Today, Holocaust Memorial Day, marks the 75th anniversary of the liberation of Auschwitz concentration camp. It is an opportunity to remember and commemorate the six million Jews murdered during the Holocaust, the many other victims of Nazi persecution, and those who have suffered subsequent genocides.
It is also a chance to honour the many Holocaust survivors who have worked tirelessly to educate young people in this country and across on the world on the unspeakable reality of genocide and the conditions which lead to it.
Holocaust Memorial Day is vitally important in reminding us all that we have a historical duty to never allow such horror to happen again. This year’s theme is ‘Stand Together’, a message that we must all take to heart. Crimes such as the Holocaust are only possible in a climate where division and extremism are allowed to flourish.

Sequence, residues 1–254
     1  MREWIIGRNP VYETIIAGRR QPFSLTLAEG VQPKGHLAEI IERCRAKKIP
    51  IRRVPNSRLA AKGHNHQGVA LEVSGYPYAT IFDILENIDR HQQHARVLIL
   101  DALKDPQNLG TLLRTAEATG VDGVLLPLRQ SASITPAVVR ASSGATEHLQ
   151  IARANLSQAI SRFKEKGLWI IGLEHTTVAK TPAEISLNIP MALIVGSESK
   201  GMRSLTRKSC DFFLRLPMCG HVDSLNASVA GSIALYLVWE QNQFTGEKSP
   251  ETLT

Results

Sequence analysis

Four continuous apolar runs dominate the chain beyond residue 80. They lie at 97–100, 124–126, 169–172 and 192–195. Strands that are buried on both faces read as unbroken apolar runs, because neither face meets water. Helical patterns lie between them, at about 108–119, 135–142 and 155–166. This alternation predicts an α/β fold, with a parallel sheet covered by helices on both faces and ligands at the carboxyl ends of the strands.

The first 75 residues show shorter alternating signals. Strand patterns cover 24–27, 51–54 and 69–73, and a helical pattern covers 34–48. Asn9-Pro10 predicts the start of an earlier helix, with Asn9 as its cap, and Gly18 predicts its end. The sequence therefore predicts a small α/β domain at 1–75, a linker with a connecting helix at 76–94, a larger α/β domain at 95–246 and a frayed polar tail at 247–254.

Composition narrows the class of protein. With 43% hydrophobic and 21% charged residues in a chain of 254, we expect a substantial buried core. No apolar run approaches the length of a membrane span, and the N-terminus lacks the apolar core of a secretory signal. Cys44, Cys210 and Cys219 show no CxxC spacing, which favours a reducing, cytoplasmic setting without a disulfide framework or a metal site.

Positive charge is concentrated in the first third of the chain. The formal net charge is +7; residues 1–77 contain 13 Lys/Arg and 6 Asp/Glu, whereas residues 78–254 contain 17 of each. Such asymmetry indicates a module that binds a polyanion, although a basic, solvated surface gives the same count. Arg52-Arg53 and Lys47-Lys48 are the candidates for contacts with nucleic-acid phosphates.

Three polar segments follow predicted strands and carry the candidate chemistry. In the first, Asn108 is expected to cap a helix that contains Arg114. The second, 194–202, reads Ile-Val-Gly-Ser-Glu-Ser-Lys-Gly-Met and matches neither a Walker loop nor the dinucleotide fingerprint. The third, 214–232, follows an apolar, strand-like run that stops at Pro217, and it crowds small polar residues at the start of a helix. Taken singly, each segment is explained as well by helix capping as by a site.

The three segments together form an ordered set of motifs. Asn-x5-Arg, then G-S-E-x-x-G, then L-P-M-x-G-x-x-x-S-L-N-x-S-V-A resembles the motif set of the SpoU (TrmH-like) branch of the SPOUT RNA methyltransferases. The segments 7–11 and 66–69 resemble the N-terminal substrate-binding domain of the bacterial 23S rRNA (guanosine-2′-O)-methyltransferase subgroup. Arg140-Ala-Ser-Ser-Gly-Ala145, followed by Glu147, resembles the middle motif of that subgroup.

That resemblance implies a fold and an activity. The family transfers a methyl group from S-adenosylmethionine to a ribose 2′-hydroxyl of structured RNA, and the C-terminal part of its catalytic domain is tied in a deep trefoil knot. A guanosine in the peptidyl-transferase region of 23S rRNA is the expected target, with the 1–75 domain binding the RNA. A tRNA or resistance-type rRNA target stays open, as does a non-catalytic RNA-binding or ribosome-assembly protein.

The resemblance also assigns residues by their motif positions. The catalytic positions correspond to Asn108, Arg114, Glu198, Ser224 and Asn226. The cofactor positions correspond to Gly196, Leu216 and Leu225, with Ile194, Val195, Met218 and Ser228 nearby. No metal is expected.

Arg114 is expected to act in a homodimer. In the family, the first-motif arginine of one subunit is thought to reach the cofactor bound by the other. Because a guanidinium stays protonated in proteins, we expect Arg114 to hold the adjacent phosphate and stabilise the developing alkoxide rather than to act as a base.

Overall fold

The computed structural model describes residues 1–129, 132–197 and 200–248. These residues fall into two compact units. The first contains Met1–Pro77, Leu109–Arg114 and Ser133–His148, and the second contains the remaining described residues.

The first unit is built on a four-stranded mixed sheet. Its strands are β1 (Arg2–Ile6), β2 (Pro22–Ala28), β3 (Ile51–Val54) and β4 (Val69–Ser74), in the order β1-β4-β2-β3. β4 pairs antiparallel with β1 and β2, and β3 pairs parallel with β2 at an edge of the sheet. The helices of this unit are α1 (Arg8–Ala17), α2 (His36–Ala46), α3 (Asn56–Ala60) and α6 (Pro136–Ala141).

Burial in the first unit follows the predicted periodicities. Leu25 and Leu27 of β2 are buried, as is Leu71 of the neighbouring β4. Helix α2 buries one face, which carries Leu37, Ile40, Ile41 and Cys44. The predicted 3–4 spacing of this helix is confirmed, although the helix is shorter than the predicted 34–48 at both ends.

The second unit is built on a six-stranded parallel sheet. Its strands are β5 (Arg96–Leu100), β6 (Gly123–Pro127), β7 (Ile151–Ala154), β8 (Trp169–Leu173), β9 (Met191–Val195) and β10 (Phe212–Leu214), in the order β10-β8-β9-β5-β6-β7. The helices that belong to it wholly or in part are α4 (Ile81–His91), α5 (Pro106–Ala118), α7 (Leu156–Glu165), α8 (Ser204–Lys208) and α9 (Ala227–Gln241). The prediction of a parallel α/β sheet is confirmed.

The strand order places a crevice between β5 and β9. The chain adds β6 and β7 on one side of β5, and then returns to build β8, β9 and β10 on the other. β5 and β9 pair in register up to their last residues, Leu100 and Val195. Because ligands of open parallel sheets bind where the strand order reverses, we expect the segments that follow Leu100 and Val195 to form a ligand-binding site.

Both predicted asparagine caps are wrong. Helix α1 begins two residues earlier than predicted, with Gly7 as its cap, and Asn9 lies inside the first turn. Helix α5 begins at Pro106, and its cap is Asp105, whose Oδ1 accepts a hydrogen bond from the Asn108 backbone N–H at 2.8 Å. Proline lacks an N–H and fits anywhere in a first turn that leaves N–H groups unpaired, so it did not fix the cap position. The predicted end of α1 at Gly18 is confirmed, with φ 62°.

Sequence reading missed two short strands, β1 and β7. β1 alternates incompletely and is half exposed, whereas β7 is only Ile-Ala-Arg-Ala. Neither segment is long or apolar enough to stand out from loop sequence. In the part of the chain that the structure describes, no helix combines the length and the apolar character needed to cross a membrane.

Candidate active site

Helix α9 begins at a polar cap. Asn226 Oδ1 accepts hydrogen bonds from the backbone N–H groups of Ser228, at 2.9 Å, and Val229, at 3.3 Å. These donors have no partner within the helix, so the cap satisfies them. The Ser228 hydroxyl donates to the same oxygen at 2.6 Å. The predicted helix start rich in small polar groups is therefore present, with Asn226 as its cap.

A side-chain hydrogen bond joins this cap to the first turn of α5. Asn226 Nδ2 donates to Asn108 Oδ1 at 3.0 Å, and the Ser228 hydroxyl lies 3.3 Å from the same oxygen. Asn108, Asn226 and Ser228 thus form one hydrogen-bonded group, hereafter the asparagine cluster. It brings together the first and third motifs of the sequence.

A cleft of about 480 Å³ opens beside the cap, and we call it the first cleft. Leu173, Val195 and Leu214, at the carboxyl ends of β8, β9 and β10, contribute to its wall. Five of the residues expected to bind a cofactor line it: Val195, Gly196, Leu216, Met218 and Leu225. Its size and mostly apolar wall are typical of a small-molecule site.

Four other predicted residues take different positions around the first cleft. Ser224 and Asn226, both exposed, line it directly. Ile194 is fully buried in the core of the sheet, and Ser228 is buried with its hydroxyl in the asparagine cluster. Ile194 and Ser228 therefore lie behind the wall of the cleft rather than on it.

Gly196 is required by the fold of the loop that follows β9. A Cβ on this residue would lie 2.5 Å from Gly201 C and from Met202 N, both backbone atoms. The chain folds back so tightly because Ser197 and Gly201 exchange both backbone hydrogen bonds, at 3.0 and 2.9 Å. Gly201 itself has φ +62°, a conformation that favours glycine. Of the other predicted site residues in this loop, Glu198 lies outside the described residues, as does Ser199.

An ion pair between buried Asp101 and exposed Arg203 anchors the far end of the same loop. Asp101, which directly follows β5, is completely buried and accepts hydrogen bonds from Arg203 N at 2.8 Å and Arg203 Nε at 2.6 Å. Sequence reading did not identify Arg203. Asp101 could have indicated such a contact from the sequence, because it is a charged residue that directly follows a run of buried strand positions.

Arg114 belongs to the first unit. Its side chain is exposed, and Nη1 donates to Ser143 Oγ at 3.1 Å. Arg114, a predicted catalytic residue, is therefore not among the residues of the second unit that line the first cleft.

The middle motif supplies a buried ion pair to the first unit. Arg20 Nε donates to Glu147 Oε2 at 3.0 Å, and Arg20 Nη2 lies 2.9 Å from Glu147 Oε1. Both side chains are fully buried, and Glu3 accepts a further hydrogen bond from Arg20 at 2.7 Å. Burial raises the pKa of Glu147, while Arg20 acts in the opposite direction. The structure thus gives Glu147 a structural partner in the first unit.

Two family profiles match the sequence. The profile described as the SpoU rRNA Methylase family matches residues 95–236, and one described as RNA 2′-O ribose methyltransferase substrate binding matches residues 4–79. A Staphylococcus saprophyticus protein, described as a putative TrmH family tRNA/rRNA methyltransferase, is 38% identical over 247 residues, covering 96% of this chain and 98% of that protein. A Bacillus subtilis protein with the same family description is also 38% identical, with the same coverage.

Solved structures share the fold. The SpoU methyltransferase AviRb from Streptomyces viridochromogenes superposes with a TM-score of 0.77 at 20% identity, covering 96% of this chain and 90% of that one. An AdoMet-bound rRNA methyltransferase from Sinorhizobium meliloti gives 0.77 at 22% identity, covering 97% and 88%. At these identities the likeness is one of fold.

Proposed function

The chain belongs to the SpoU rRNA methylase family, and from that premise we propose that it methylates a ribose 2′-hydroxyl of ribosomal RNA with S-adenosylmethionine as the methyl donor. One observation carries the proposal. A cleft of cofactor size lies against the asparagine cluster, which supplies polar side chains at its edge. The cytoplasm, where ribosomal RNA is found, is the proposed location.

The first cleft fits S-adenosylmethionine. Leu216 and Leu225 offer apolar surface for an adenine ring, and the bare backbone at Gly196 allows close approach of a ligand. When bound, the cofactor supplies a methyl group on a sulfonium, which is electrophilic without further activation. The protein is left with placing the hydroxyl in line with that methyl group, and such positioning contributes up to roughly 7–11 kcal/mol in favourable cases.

Antisemitism, which culminated in the Second World War and genocide, is sadly still present in Britain today. Every single one of us has a responsibility to challenge it and be clear that it can have no place in our society. As Hannah Arendt, the German-American author who fled Germany to escape the Nazis said:
“As citizens, we must prevent wrongdoing because the world in which we all live, wrong-doer, wrong sufferer and spectator, is at stake.”